Martin Lewis explains how Britons could get paid to clear credit card debts in 2021

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Martin Lewis, the Money Saving Expert, is well-known for providing money saving tips to help those who are looking at their finances. In his latest update, Martin has examined debt, an issue which is plaguing many households, particularly with the effects of the coronavirus pandemic, and the Christmas season. Martin has pointed to a zero percent balance transfer card as a potential solution to debt in 2021.

As part of his latest Money Tips weekly newsletter, Martin has urged Britons to check their eligibility for this type of card.

A balance transfer card allows people to pay off debt on their old credit cards, sometimes at zero percent, meaning there are no additional fees involved.

The balance transfer card usually helps people to pay off their debts faster, as all attention is focused on repayment.

There are a number of options available on the market at present, and what Britons choose is often dependent on the length of time they wish to pay the debt over.

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Martin, however, drew attention to certain beneficial deals which those in debt may wish to consider this new year.

He explained: “If you can clear the debt within 18 months, there are now two cards with no fees and a guaranteed zero percent period.

“One even gives £20 cashback on top to some.”

The deals Martin referred to are offered by a few familiar providers to help Britons tackle their debts.

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The first is Santander, which is currently offering the joint-longest zero percent deal, with no fee to pay.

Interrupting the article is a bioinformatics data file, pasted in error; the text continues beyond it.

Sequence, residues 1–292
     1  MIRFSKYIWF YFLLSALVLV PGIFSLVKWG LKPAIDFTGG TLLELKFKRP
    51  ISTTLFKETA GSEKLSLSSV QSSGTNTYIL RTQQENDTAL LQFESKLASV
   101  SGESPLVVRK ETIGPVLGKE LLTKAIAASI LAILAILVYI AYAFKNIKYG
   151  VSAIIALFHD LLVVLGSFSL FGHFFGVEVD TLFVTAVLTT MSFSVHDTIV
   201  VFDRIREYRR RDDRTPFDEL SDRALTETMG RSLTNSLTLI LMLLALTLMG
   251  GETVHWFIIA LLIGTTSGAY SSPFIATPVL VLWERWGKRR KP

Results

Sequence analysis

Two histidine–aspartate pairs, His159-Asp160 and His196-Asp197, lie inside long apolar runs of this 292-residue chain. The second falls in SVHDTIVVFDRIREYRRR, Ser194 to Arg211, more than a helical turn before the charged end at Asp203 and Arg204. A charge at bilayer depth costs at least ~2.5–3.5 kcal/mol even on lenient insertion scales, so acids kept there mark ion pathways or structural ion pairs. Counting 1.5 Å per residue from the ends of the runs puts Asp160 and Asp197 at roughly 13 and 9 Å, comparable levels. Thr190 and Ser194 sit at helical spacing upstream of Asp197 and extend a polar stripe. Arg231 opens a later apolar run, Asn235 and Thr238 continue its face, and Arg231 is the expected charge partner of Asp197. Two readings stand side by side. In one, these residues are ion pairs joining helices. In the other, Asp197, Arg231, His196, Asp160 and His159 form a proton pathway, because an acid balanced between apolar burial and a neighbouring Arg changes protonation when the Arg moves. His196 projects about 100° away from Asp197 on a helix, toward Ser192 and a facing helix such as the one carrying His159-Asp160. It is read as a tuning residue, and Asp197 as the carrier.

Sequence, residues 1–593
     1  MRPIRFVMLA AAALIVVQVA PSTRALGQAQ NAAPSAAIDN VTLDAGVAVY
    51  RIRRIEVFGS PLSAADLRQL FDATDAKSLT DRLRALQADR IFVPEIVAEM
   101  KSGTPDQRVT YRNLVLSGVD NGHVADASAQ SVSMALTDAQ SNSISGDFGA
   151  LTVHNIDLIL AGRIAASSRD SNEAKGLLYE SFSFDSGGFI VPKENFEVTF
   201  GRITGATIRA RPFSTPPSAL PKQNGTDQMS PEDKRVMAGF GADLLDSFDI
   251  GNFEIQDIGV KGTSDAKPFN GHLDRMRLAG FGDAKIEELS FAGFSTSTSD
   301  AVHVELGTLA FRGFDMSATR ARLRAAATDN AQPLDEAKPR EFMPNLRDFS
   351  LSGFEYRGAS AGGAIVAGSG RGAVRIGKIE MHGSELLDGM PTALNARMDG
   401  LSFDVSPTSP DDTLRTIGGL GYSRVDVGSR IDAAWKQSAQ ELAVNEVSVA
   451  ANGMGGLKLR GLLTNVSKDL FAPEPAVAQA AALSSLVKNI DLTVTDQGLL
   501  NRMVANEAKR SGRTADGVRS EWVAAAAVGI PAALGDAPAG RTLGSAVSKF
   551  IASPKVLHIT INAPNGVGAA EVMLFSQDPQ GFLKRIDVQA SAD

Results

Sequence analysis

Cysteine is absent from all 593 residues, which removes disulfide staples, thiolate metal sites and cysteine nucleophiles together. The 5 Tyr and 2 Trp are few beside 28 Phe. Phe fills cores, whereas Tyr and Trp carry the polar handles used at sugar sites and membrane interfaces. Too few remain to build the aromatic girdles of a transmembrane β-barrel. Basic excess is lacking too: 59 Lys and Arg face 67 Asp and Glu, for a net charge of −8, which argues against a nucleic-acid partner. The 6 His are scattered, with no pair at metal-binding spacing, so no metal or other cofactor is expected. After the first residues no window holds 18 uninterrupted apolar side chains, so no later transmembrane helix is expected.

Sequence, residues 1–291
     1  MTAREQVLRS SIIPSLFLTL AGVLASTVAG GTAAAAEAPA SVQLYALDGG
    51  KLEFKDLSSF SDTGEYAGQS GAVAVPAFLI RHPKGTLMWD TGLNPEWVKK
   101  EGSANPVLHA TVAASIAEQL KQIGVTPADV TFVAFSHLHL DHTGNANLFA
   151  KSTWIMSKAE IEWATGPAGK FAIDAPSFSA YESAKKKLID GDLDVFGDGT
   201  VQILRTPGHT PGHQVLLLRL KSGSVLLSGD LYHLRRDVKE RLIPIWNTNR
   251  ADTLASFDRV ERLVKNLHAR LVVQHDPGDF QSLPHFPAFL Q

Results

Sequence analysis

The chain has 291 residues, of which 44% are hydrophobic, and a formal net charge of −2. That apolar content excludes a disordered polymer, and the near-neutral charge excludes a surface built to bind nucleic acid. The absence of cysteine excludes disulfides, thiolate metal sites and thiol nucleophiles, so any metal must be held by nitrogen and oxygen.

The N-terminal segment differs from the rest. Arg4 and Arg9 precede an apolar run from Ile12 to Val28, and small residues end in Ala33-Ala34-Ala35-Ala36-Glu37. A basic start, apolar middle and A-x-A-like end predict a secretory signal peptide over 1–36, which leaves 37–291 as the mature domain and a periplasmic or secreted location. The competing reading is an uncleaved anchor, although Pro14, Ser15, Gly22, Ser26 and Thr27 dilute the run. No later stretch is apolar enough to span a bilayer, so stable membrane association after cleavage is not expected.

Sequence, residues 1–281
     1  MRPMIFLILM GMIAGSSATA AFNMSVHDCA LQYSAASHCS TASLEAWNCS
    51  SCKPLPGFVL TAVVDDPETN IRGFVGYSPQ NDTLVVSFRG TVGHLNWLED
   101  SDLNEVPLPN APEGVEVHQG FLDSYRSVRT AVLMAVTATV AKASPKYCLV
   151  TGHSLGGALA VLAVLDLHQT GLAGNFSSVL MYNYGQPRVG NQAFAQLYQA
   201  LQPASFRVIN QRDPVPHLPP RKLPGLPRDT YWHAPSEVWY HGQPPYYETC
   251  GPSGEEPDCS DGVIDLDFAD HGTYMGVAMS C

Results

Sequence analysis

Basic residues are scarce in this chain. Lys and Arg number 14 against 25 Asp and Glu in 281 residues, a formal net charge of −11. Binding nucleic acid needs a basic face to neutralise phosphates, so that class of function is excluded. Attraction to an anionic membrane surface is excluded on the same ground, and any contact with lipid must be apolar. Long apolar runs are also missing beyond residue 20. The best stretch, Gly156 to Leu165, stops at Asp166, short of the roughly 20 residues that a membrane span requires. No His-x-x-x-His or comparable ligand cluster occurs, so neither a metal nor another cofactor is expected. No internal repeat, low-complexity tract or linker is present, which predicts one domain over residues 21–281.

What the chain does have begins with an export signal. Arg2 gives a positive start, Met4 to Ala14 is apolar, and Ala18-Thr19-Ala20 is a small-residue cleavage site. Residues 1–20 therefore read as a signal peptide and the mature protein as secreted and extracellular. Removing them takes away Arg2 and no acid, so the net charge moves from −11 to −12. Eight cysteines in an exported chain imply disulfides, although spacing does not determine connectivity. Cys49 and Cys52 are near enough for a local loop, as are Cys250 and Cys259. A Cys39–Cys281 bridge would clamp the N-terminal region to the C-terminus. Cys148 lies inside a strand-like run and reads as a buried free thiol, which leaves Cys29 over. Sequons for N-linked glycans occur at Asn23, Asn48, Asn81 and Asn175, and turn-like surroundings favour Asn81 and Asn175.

After this period, the percentage increases to 18.9 percent representative APR.

Another deal offers Britons the chance to effectively be paid to clear their debts on a zero percent offering.

Barclaycard is offering a 15 month period at zero percent, but also a cashback offer to those who clear a certain amount.

The provider offers £20 cashback if transferring at least £2,500 within 60 days.

The percentage increases to 21.9 percent representative APR after the zero percent period.

Finally, Sainsbury’s Bank is offering the joint-longest zero percent deal at up to 18 months, but it is worth noting there are certain eligibility rules.

Some Britons may be accepted, but offered 12 months on a zero percent deal, or required to pay a 0.5 percent fee – usually if a credit score is poorer.

In addition, Martin warned the provider will not accept anyone who is self-employed, so Britons should be aware of this detail.

It is, however, also worth noting there are usually eligibility criteria people must meet in order to secure a zero percent balance transfer card.

These criteria will vary from provider to provider, and thus it is important for Britons to approach the situation with their eyes open.

Some providers may undertake a credit check, and also examine a person’s income.

Britons may wish to check their eligibility before approaching a provider, but should also note some checkers may affect their credit score.

Martin Lewis is the Founder and Chair of MoneySavingExpert.com To join the 13 million people who get his free Money Tips weekly email, go to www.moneysavingexpert.com/latesttip.

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